Having received the correct number, the medium does not move immediately unless the count was a long one consuming considerable time. Then it should be hurried. Slowly she withdraws hand and in a vague way starts to draw the figure, first hesitating, then with rapid strokes, all of this for effect. This is showmanship, something that must be acquired from actual experience and observation. Having drawn the correct figure the spectator should be asked to acknowledge the correctness of same, the assistant may remark CORRECT. Now with this remark, the count may be started and stopped by assistant motioning to next spectator to stand and repeat request for next drawing. If the figures corresponding number is not a straight count, say 65 and of two digits, the first digit is coded in this manner and the last word of the spectator's speech acting as the start signal for the second digit of that number. When it is stopped by assistant walking away from immediate scene, or any natural movement. For instance, assume a star has been drawn by a person, medium raises hand to forehead and starts to count 1-2-3-4-5-6-7 and on last count assistant motions to person to stand and make a request. Now with the last word (picture) the count is automatically started 1-2-3-4-5-6-7-8- and at the last count the assistant turns, walks away and motions for person to be seated. Any natural movement. To those who wish to carry the drawing arrangement out to more complicated drawings, the numbers may run to 999 the coding arrangement being the same, only three figures are coded, the first 18 should be straight count. Otherwise the rest is the same. Thus .far the author has taken up stage performing and while on the subject would suggest a direct contact one way telephone set. Receiver being concealed in the medium's hair and the microphone backstage. Operated by third party who with powerful field glasses to aid him, and a peep hole, reads the signals and phones the number to medium. For club work, private affairs, performer must work in same manner. There are hundreds of various signals and moves that may be used for starting and stopping the counting and these will suggest themselves to you as time goes along.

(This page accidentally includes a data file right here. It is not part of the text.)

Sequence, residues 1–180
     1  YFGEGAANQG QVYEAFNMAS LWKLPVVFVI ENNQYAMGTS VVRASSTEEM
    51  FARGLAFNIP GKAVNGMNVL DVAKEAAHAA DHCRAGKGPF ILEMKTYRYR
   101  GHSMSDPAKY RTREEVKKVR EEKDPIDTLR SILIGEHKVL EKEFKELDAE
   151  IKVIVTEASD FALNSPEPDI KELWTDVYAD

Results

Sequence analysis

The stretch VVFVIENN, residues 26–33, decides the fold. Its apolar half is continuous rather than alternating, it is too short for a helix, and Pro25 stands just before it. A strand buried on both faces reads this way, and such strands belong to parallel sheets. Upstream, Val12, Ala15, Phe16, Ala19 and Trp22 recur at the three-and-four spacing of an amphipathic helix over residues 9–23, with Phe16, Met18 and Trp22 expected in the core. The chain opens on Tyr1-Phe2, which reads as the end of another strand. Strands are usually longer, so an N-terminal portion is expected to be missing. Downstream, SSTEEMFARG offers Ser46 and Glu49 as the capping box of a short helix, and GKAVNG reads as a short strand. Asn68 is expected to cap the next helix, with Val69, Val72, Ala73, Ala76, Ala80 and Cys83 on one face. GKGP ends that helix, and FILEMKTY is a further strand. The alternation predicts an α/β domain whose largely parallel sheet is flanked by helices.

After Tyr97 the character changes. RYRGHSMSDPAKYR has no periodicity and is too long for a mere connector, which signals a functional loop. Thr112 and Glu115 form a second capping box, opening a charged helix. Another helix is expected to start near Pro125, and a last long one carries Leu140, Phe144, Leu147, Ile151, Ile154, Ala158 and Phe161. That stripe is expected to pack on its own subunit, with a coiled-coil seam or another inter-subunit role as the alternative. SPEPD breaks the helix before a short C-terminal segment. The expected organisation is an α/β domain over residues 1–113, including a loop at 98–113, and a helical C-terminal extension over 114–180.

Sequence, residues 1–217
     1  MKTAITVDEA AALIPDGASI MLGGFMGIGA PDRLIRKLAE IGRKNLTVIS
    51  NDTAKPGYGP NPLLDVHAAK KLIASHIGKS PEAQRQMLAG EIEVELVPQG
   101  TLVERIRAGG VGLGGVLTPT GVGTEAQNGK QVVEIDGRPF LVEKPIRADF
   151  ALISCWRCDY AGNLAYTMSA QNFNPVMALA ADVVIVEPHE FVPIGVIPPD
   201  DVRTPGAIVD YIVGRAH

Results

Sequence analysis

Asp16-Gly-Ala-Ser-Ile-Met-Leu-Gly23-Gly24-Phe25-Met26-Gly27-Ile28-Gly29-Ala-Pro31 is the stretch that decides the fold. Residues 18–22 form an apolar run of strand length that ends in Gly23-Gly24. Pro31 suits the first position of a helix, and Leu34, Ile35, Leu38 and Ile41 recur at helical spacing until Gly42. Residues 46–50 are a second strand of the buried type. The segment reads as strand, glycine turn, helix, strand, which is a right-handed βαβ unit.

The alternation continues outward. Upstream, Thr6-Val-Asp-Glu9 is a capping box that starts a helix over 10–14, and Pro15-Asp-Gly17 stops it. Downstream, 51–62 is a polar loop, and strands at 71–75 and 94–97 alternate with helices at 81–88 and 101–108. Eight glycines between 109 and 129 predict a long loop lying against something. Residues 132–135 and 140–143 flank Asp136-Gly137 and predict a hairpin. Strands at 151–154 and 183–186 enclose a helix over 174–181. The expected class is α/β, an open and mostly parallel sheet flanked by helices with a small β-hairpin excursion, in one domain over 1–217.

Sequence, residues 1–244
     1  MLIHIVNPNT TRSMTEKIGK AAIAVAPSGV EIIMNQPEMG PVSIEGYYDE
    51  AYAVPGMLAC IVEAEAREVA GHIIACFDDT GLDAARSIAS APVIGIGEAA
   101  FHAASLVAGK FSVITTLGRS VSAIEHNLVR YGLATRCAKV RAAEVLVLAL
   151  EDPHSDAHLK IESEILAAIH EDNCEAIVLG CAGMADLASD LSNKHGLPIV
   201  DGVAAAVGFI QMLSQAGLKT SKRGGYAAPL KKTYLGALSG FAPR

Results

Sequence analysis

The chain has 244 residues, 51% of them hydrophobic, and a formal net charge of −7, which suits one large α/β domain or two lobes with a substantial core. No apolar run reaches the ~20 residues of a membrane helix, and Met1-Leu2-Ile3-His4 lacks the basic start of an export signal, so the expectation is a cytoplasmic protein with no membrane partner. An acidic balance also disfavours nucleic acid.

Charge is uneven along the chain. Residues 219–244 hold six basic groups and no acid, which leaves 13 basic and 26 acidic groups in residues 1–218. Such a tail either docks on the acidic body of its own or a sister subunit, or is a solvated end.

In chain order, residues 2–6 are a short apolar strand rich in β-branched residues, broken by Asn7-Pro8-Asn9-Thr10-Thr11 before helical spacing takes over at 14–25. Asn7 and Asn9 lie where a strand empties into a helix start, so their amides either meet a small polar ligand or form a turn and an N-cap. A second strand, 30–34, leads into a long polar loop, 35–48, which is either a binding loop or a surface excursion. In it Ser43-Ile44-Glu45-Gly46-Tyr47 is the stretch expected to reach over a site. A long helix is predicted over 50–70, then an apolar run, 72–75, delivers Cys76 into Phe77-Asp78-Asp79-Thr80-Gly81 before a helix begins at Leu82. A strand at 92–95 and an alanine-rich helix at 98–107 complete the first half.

Properly presented, detection is impossible and plants are very useful. At every public performance, at least one plant should be used to get sensational results. The party of course submitting a very complicated yet simple drawing and medium knows whether picture shall be presented fourth, fifth, etc. , and after bawling out plant for trying to stump you, medium remarks upon hardness to get concentrated right, she draws the picture. Properly handled, an applause is certain, for additional effect, the medium should draw a figure other than coded, and just before finished, shake her head, erase it and draw correct figure.

### Geometric Figures